Nobody wants to settle in, let alone visit, a place that is considered unsafe. But it’s also too easy to get distracted by U.S. State Dept travel advisories and online forums with scary warnings. We have found that a mixture of caution and realistic expectations are key to safe travel.
In 2015 our first stop was Colombia, which has a well-known history of violence. But ongoing negotiations with FARC were very encouraging, and eventually, a peace agreement was signed. Our time in Cartagena was eye-opening in how welcoming the country had become and eager to heal from its past.
I think, as anywhere, the level of safety depends on where you are. While we had no issues in Bogota, Medellin, and Cartagena, we know from the locals that there are places foreigners should avoid. When I took my Spanish classes in Cartagena, there was an afternoon trip to the market (mercado). My teacher insisted that foreigners should not go alone. I don’t know if that was her being overly protective or offering a dose of realism.
In fact, most of the time you and I seek out the mercados. The activity can be intense in the largest markets, but that, of course, is part of the draw. In all of our travels, we’ve never had a problem and enjoy taking in the local flavor of our new city.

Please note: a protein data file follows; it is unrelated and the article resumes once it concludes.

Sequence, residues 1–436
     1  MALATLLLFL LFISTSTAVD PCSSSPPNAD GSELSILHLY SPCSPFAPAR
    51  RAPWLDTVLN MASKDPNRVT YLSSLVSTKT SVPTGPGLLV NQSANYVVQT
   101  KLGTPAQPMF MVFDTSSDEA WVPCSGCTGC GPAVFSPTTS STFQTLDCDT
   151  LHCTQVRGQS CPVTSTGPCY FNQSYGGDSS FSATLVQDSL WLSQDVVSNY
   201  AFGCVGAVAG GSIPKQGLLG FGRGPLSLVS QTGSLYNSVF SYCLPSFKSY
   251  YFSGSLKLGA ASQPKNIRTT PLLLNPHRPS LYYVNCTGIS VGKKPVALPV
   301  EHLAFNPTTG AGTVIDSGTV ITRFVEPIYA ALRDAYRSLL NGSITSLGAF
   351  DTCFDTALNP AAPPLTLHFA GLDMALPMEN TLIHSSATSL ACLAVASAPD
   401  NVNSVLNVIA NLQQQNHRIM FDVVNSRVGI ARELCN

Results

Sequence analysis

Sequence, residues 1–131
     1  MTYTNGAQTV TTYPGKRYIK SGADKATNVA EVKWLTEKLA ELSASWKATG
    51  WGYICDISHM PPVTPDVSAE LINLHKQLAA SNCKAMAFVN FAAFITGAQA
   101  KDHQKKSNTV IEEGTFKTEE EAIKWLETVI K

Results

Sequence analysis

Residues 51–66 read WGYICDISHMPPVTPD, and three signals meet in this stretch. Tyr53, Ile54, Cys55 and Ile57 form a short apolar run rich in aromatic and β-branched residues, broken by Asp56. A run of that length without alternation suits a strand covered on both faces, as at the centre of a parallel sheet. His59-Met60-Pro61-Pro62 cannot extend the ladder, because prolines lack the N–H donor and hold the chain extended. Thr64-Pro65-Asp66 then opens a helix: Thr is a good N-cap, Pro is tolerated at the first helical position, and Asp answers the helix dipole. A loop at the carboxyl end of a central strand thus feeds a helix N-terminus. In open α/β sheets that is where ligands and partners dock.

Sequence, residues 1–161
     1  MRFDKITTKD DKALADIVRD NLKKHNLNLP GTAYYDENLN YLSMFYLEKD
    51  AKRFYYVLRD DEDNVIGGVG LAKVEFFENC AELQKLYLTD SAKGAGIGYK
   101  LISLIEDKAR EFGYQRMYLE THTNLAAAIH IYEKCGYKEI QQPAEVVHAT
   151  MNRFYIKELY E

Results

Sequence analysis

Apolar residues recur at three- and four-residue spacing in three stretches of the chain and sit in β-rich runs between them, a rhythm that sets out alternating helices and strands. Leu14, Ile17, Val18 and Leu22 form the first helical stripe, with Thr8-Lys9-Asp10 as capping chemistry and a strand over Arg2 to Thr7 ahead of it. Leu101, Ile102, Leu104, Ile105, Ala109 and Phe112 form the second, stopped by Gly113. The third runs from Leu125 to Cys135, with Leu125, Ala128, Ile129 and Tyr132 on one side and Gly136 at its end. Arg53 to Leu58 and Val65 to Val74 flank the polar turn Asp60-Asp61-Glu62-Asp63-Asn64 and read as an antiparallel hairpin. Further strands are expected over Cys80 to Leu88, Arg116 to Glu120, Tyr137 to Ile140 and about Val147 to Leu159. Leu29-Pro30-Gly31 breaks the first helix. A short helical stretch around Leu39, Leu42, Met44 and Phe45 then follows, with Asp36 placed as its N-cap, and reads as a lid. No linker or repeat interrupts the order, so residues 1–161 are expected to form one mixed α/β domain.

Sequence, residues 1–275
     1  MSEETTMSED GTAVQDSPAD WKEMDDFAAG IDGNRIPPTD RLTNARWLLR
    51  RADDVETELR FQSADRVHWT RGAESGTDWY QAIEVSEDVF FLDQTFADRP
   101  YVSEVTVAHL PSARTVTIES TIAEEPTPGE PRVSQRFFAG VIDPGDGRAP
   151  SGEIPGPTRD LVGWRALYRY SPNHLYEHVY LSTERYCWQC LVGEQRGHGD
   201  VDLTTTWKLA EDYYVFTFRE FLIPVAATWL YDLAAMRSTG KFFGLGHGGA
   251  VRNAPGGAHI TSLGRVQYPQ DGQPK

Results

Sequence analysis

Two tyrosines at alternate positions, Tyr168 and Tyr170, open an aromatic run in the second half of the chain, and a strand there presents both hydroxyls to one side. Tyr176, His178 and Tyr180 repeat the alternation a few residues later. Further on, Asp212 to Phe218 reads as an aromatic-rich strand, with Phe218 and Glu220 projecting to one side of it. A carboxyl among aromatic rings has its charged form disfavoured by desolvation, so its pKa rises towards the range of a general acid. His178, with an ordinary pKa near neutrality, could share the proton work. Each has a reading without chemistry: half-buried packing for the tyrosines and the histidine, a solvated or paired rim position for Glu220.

Part of my strategy is to try to look as un-touristy as possible. I dress like the locals, wear minimal jewelry and never have a camera hanging around my neck. I also try to use my cellphone as little as possible in public.
Yes, that’s always good to keep in mind, especially when visiting a busy spot where tourists congregate. Carrying a backpack can also make me a target.
I avoid it when possible and instead use what I affectionately call my “man purse.” It hangs over my shoulder and sits snugly under my arm, making it very hard to get to. I also wear a money belt under my pants to keep our cash secure.
There’s also the question of carrying all of your worldly goods when traveling.
While the hostels we’ve stayed in have locked doors, you have no idea who has access to your room. Fortunately, many of them have lockers for storing anything of value.
It’s ironic that the one time we had items stolen was in a beautiful Airbnb apartment in a “safe” area of Krakow, Poland. Although the door securely locked, someone must have gotten access to a key. Fortunately, everything was easily replaced, and our World Nomads travel insurance covered most of the cost. Better safe than sorry!
Share with us your best advice or your worst experience. We want to hear it all!
by: Mike & Eileen Brill-Wagner